Stories: Researchers improved adaptability of robots
Artificial Intelligence (AI) is often praised for its ability to make objective and rational decisions, unlike humans, who deal with reality in a subjective manner. The researchers from the Future and Emerging Technologies (FET) project TIMESTORM trained robots to learn some of these subjective abilities of humans, focusing on time-perception.
Although the FET-Proactive project TIMESTORM slightly reminds classical beginning of science fiction stories, which end with AI takeover (see e.g. a famous Czech theatre play called R.U.R., which coined the word “robot” into the languages all around the world), the goal of the project is to improve robots’ adaptability to the real world. New abilities should enhance their competences in helping people and thus provide general safety concerning the interaction with humans in accordance with Isaac Asimov’s Three Laws of Robotics.
TIMESTORM focuses on equipping artificial systems with human-like cognitive skills and tries to give them the time-perception ability. It aims to promote their intelligence beyond repetitive task accomplishment. Prof. Anil Seth from the Sussex University, who collaborated on the research, specified the nature of time perception:
"Humans – or animals – do not perceive time by having a clock in our heads, there are biases and distortions to how humans perceive time.
Time-perception refers to the subjective experience of duration of time. Previous researches proved that time is subjectively perceived not only by humans but also by other living organisms (including e.g. invertebrates), nevertheless the particular processes and abilities differ."
In order to understand time perception better, the scientists firstly examined how people can estimate the time duration of videos depicting daily tasks, taken from first-person perspective. The experiment proved that people experienced time duration differently from the real one, depending on how vigorous the presented scene was.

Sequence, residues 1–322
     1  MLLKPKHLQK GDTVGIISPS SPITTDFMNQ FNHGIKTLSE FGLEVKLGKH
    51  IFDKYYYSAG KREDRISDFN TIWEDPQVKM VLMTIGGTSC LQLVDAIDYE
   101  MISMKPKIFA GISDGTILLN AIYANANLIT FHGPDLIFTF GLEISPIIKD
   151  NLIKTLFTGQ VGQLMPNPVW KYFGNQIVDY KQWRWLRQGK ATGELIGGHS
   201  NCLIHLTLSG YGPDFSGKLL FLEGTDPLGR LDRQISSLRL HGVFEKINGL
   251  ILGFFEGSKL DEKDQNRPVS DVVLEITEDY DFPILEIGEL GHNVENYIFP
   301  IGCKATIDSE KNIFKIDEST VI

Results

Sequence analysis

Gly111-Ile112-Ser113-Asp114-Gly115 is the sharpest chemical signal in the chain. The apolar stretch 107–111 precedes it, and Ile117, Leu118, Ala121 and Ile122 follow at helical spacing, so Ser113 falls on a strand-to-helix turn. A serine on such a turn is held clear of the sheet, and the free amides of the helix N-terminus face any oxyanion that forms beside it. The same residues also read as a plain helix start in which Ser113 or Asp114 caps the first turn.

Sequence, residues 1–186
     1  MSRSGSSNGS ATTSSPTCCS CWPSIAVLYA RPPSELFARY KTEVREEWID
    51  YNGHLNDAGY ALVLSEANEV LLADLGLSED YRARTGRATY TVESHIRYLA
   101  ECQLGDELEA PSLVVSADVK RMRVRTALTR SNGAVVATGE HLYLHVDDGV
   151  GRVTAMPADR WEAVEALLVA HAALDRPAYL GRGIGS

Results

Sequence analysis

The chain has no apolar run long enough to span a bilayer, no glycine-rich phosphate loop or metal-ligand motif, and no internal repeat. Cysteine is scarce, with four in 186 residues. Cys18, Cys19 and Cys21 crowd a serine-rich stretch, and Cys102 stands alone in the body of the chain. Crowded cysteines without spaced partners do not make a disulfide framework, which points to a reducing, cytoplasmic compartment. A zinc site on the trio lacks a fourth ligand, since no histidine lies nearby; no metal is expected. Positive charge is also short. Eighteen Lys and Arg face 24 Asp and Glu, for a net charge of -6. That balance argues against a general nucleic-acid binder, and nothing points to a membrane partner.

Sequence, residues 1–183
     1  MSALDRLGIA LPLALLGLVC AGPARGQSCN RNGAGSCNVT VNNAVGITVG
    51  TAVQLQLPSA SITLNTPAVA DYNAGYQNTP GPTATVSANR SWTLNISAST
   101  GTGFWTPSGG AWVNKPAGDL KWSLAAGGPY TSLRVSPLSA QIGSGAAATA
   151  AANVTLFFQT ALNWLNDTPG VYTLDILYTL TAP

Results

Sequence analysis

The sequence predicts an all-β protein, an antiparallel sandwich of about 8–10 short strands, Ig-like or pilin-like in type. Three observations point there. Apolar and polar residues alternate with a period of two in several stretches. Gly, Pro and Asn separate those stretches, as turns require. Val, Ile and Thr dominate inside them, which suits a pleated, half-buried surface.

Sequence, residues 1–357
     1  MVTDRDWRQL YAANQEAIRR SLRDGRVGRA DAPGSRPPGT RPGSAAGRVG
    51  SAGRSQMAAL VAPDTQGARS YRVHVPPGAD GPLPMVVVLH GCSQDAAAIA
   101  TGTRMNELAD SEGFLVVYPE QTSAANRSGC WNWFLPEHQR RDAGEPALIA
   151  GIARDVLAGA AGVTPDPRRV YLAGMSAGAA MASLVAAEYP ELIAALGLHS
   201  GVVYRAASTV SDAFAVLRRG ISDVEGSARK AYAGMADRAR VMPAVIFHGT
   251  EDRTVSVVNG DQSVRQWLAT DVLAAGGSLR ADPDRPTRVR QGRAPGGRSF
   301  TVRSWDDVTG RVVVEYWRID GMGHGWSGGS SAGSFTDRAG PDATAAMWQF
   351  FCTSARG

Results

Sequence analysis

Based on this information, the researchers developed a system using deep learning that could simulate the human subjects’ perception of the video durations. The system helps robots to perform in a way that is closer to real human life. The researchers demonstrated their results by an activity, which requires an understanding of human time perception and planning; e. g. they let robots assist in meal preparation and serving food according to preferences of their owners.
Prof. Panos Trahanias, the coordinator of TIMESTORM project, concludes in his blog post:
"Despite the fact that there are numerous aspects of time yet to be explored and revealed, it is our strong belief that TIMESTORM can serve as the basis for natural, time-aware, human-robot symbiosis, even though the topic is so complex that further work is definitely needed to deliver mature and robust technology for the next generation of robots. We roughly estimate that it will be at least one decade before robots are routinely designed with the capacity to perceive time – but the market potential of these technologies is enormous."
Perception of reality as a crucial issue of AI
Robots process reality in a different manner than humans do. The basic problem of AI is that it usually get confused, when the information about the perceived reality is not coincident. Sometimes it happens also to humans – maybe you have already experienced it due to motion sickness, when the differences between neural information about real and perceived motion confuse the brain, and hence you feel nauseous. Nevertheless, human brain can deal with that informational inconsistency. On the contrary, robots in such situations do not work properly or stop to work at all.
Further research can give us even more answers and solution to these situations: TimeStorm’s follow-up project, ENTIMENT, funded by the FET Open / Innovation Launchpad program, developed software for programming robots with a sense of time usable e.g. for meal preparation applications; another Horizon 2020 project called SELFCEPTION designed an algorithm allowing robots to recognize themselves and make them self-aware and able to act with their body as humans do.
Why are robots being train in self-awareness, article of the Horizon Magazine presenting the current research on robots’abilities within projects TIMESTORM, SELFCEPTION and ENTIMENT.
Robots in a rush: time-aware AI aids human-machine interaction, article about TIMESTORM project.
FET-Open and FET Proactive are now part of the Enhanced European Innovation Council (EIC) Pilot (specifically the Pathfinder), the new home for deep-tech research and innovation in Horizon 2020, the EU funding programme for research and innovation.